Clay reviews Devastator
Patience paid off, and I picked up the big version of Devastator at 60% off. I'm not entirely sure if I waited long enough.
Devastator divides into six vehicles, making him a hexacon. Unlike any previous Devastator toy, the individual components do not have robot modes. These were apparently omitted for concerns of cost and of weight and balance, but because of the suggested price tag of $100 and the figure's difficulty with standing on two tiny legs, I'm not convinced.
The obvious defense is that the vehicles are fun on their own, but that's bunk. Scavenger (the big shovel) has a hole in its bucket preventing it from holding anything. Long Haul, the dump truck, can't tilt the bed. Hightower, the crane, doesn't actually have a hook on a string allowing for actual crane activities. Scrapper (the small shovel) can't tilt its bucket because of the way it forms the hand for the robot. Mixmaster, the cement truck, can't turn its barrel. The only vehicle that can actually do what it's supposed to is Rampage, the bulldozer, which can indeed push things around. One out of six isn't bad, eh?
The combined mode of the vehicles is the mighty Devastator. It's certainly a large contraption, big enough to fit a deluxe figure in its maw, but not so much larger than previous Supreme class figures like Unicron or Primus that it would warrant doubling the price of the size class.
The big problem is balance. Devastator's components are different sizes, roughly that of Deluxes, Voyagers, an Ultra, and a Leader. Naturally, the two smallest components are the legs, putting all the additional weight above them. This makes getting the thing to stand in any position a tricky affair because you have to counterbalance the arms with all the weight on the back of the figure. The problem makes it difficult to actually place anything in its articulated claws.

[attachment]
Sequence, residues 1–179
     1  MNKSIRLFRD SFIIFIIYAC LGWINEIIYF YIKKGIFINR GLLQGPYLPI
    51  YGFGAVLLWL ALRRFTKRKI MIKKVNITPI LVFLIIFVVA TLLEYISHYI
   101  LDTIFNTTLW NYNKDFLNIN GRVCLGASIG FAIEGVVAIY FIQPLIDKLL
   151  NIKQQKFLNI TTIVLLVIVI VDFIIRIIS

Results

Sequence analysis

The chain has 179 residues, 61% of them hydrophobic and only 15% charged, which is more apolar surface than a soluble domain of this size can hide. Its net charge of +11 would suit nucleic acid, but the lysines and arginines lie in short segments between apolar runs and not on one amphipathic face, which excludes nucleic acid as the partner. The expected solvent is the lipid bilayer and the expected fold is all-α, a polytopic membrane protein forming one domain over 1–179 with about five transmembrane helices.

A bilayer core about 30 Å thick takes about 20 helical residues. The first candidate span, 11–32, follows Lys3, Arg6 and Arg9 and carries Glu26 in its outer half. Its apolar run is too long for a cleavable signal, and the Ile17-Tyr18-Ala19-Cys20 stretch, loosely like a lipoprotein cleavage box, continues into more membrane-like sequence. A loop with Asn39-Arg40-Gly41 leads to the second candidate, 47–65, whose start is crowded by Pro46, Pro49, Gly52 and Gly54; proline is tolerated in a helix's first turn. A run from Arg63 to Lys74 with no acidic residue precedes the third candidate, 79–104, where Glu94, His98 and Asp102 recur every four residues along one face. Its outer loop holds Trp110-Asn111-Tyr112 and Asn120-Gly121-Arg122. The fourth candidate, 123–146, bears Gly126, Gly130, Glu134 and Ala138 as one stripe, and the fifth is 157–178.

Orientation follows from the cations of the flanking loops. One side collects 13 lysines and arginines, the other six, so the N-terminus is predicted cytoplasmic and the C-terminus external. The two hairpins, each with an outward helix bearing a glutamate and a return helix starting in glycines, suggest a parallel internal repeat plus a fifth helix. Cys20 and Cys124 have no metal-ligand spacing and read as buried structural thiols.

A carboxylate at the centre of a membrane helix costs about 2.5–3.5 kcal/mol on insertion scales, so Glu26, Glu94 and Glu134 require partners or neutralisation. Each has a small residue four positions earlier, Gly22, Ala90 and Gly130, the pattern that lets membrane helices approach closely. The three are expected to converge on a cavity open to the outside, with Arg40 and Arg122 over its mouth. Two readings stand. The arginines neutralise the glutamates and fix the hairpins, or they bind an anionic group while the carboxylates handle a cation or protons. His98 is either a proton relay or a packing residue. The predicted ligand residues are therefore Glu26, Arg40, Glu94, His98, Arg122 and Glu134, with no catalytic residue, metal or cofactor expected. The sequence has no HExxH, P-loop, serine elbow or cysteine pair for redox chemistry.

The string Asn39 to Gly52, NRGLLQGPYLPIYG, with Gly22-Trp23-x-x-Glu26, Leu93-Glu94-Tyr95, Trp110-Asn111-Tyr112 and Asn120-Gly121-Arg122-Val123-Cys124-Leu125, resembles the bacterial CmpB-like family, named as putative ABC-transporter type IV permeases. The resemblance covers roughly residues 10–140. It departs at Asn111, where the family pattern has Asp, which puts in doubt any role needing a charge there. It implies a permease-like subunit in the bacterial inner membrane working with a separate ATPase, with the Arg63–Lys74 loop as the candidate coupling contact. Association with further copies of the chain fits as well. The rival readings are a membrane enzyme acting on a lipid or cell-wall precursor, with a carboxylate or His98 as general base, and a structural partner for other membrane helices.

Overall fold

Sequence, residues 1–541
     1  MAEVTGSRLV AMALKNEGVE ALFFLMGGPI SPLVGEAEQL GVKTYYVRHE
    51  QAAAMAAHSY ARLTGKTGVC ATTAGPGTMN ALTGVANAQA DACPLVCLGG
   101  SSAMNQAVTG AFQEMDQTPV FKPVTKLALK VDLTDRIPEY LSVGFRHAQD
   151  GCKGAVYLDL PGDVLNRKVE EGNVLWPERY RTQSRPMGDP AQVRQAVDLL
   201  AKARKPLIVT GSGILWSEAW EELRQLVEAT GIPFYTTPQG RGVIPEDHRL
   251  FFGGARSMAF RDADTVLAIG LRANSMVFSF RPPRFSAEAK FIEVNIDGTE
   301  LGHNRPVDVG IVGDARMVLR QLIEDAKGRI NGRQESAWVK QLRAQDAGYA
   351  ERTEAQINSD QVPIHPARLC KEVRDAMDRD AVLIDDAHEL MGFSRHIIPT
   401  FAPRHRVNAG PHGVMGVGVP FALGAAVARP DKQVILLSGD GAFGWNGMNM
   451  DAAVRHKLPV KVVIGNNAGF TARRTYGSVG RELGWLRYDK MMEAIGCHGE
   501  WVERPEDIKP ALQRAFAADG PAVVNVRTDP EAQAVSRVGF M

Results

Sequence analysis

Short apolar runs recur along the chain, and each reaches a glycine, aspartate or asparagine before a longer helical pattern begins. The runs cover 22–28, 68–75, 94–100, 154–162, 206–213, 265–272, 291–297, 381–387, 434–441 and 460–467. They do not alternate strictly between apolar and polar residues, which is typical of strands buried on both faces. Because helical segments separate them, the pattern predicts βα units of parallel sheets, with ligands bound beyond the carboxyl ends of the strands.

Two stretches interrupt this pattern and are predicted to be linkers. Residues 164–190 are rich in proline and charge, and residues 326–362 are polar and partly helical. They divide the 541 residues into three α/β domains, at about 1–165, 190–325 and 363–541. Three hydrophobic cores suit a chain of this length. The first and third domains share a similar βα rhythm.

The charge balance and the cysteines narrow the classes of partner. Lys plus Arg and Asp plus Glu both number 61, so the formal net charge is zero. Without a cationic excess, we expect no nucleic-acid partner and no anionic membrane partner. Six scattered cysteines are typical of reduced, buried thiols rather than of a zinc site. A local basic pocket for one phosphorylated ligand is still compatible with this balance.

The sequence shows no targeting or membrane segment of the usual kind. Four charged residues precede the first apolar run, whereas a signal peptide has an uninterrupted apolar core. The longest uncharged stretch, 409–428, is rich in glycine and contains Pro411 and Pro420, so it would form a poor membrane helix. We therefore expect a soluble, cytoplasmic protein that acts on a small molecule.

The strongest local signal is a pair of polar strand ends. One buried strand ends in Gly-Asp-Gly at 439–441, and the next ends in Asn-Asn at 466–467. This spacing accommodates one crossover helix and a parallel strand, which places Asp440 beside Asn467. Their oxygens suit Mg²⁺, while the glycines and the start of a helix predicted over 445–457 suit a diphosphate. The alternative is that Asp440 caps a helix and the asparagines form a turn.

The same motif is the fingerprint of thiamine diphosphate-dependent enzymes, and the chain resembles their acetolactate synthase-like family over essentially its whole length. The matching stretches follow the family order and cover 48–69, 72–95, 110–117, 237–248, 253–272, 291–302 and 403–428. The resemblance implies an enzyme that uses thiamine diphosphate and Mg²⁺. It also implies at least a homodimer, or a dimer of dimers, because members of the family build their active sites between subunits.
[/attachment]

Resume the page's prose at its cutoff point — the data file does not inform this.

Of course, Devastator has few play functions aside from being big anyway. A tab in its chest simultaneously raises and opens its head while activating random sounds. That's about it. Its right hand can't actually open or close to grasp anything because the wheels are in the way. The left hand can open and close freely, but can only hold things with difficulty because of the aforementioned balance issues. So, yeah... you can open and close its mouth while it makes noises.
The back end of the robot reveals where the designers went home early. It's a big red box with a Mack truck stuck on top. I mention it mostly because of the total visual contradiction it creates with the molded detail on the front the figure and the movie style in general. And as far as the look of the figure goes, if you think that between the price tag and the lack of individual modes that you're getting a lot of detail to make up for it, think again! Painted details are largely omitted in favor of... something? I don't see it.
1. Nothing to see here.
10. Can't actually fault the thing here. It's solid as a brick.
2. It is big and can open its mouth.
1. I'm not entirely sure it was worth it for $40, let alone $100.
1. Devastator is useful if you want to make a diorama with Legends class figures, but not much else. You're simply not getting the value the for money compared to the nine or ten Deluxes you could get instead.
Come to think of it, Devastator is the perfect Revenge of the Fallen
toy. It's big and loud. It lacks important details. It has balance issues. Its individual components are lacking detail and are a bit slapdash when considered by themselves, even before regarding the larger form. And considering the final product, most of these shortcomings were obviously ignored in favor of meeting a deadline. It's a waste of time, basically.